Dear Holly: These are the Good Ole Days!

3 years, 4 months.

Dear Holly,

Something I keep reminding myself is, “These are the good ole days.”

With Mommy and I both working full-time jobs, plus living and working in the always busy and congested Nashville area, it can be the default to not “live in the moment.”

But I think it helps that I take so many pictures of our family and write letters to you and your brother, as it causes me to sort of bookmark each phase of your life; as well as helping me remember recent memories- like when we went to Lake Tahoe this past summer.

I refuse to be so busy that I forget that these truly are the good ole days!

Love,

Daddy

Our Family Spot at King’s Beach on the California Side of Lake Tahoe

When our family is ready to hang out at the beach, why drive 6 and a half hours from our home near Nashville, Tennessee to Destin, Florida when we could fly all the way to the other side of the country to Lake Tahoe in California?

As far as my kids are concerned, they have just as much fun either way. When you’re a kid, it’s sand and waves- and that’s all that matters… even if the water is much chillier on a lake that is more than a mile higher than sea level.

Our tradition is to hang out at King’s Beach, which is at the very northern part of Lake Tahoe. I love being able to see the snow-capped mountains all the way across the other side; which is 22 miles away.

For years now, my son has enjoyed making sand fortresses. He’ll get in the water a little bit, but mainly just to wash off the extra sand in between his toes.

I was amazed this year by what heavy stones he was able to find and carry over to his construction sight.

For all I know, there are much better spots at Lake Tahoe. However, King’s Beach is the most convenient for our family, since we are always ultimately en route to Sacramento from there anyway.

There’s a really nice pier there that is fun to walk out across and take a family photo or two.

Not to mention, there is a playground, easily accessible restrooms, and even a grocery store in walking distance; so you can easily buy everything you need to have a picnic there on the beach.

King’s Beach is our spot on Lake Tahoe. Granted, I’m fully aware that thousands of other people feel the same way, but it still feels like a well kept secret to us.

2019 Family Reunion in Lake Tahoe: Celebrating the Life of My Wife’s Father and Grandfather

In case you somehow didn’t know this by now, my wife is #9 of 10 kids. So every year, our official family summer vacation is going to visit as much of her family that can show up in the Sacramento, California area; which is where they all grew up and some still live.

And in case you’re not so familiar with the geography of Sacramento, it is in northern California; just a little over 2 hours away from Lake Tahoe, which also borders the neighboring state of Nevada.

This summer, Lake Tahoe served as the central meeting place for the family; this time to especially celebrate the life of my wife’s father (who passed away a couple months after we were married in 2008); as well as her grandfather Gus, who passed away last fall.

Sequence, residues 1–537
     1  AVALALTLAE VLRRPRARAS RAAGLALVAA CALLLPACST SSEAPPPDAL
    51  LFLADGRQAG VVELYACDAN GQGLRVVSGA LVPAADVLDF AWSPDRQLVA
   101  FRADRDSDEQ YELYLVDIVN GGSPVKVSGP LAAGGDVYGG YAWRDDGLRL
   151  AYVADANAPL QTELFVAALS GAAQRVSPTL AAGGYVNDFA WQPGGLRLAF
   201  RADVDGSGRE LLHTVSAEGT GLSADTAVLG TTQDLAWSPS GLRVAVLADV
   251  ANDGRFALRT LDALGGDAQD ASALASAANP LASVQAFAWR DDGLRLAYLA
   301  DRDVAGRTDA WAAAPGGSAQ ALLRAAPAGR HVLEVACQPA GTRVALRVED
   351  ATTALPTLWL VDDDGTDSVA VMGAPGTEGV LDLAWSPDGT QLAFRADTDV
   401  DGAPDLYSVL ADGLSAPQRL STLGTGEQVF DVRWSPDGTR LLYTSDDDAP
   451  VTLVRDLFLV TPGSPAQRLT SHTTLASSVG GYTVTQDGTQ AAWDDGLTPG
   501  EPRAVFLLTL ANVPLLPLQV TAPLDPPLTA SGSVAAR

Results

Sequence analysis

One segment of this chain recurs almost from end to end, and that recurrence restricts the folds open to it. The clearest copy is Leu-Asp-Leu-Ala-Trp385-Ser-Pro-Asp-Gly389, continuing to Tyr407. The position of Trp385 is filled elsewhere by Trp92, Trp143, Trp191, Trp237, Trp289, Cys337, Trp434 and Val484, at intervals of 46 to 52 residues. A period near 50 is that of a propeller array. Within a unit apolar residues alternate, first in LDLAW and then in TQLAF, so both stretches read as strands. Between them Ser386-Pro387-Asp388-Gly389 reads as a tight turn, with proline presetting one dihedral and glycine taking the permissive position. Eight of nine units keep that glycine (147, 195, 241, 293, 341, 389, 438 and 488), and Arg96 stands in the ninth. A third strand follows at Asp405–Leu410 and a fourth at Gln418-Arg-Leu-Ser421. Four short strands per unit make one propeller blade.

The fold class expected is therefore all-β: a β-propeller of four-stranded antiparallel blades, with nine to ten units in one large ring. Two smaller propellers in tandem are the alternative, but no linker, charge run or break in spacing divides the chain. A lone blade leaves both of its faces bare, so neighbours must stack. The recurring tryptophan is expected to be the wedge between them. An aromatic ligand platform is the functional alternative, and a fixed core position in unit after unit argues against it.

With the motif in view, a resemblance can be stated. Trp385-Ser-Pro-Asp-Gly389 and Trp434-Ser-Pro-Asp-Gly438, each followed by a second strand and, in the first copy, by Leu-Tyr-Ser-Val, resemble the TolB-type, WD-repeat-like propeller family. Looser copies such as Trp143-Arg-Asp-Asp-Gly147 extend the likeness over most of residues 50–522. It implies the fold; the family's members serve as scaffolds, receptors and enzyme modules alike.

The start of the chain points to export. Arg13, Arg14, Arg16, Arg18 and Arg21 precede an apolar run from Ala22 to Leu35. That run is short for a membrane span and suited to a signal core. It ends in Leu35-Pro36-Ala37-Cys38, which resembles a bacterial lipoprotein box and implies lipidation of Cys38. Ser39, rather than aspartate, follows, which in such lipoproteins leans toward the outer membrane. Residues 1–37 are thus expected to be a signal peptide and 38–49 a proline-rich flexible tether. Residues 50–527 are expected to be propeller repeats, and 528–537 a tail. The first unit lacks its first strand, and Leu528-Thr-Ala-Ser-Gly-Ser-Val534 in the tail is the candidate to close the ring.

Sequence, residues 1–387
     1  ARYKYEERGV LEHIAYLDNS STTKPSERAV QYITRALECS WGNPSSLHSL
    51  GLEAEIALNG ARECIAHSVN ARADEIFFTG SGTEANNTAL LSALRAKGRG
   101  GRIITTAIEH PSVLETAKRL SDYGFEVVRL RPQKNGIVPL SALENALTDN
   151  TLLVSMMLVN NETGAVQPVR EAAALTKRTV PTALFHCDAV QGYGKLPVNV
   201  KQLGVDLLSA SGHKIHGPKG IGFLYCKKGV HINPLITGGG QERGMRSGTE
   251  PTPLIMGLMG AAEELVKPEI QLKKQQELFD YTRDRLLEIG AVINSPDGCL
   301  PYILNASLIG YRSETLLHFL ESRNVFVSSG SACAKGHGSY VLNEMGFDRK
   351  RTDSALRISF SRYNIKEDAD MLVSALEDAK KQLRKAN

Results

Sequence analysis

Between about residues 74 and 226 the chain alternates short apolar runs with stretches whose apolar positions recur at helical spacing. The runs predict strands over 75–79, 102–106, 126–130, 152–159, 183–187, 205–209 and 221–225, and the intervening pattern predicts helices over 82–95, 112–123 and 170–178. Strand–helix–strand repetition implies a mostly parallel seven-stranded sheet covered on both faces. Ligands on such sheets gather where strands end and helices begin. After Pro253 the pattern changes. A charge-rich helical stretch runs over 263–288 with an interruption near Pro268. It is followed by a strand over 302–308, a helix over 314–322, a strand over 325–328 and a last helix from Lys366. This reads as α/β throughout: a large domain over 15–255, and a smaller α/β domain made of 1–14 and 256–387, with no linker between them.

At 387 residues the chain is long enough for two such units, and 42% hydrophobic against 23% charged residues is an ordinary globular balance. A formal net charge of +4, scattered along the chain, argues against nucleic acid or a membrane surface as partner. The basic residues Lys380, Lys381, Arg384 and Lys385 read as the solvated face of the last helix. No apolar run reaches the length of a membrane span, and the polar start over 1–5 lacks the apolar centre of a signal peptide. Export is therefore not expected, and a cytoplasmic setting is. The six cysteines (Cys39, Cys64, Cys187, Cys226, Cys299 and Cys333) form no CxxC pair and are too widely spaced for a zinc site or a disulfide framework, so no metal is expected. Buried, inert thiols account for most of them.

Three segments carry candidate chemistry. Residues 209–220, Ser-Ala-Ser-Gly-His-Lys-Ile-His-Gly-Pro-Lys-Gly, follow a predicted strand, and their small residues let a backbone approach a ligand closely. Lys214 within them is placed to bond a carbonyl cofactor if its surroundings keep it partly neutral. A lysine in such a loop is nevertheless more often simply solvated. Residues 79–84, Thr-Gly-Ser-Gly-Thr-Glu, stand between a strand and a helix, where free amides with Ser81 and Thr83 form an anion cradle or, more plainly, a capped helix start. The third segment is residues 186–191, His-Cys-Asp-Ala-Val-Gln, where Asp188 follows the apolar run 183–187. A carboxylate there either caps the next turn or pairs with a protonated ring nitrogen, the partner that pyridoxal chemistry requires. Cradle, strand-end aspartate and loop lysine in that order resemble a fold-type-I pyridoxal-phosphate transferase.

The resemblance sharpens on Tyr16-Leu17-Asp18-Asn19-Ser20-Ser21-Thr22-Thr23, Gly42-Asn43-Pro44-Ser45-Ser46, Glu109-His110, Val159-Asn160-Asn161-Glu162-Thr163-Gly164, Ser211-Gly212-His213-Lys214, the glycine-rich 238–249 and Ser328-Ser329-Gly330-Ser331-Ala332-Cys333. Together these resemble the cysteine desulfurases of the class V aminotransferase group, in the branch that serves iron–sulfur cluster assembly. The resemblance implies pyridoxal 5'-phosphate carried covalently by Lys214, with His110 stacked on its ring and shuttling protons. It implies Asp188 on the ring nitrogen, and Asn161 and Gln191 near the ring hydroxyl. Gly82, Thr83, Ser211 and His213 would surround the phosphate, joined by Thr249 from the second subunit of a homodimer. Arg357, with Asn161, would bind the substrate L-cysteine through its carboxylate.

Everyone was given the opportunity to share memories and stories of both men. Being that I married into the family, I wasn’t planning on saying anything.

But when I was asked if I wanted to share something, after I had the opportunity to hear what everyone else said, I decided to speak.

I explained that my takeaway from what they all said about these two very important men in their family was this:

It was undeniable that these men sacrificed much for the sake of their family; even if they weren’t able to be appreciated or feel appreciated at the time.

That is often the theme of being a parent: that you often are unable to be truly appreciated as you give the most of your time, energy, and soul to the people you care for so much.

I appreciated being somewhat of a grafted-in outsider that day. I feel that it took that kind of perspective to understand myself better; coincidentally during Father’s Day weekend.

It was a truly good day.

My Wife and I Debuted Our New T-Shirts in Lake Tahoe: “Hi, I Don’t Care. Thanks!” and “I Hate People”- A Blog Post about Identity Protective Cognition and Emotional Intelligence

I turned 38 a couple of months ago. I have entered Life: Part 2. In other words, I have come to terms with the fact my life is now half complete; assuming I live the typical lifespan of an American man.

When you’re pushing 40, there are certain things that tend fall into place in your life:

Your strengths, your weaknesses, your family, your career, your finances, your retirement plan…

To steal a quote from a book I will never read called Anna and the French Kiss, it really comes down to this:

“The more you know who you are, and what you want, the less you let things upset you.” 

In other words, my identity is well established. While I remain open-minded to a certain point, I am at the place in life where I am no longer seeking confirmation of my identity from other people; the way Michael Scott and Andy Bernard did on The Office.

I no longer subscribe to the delusion that I am a good person, because then I would fall victim to the mentality, “Why do bad things happen to good people?”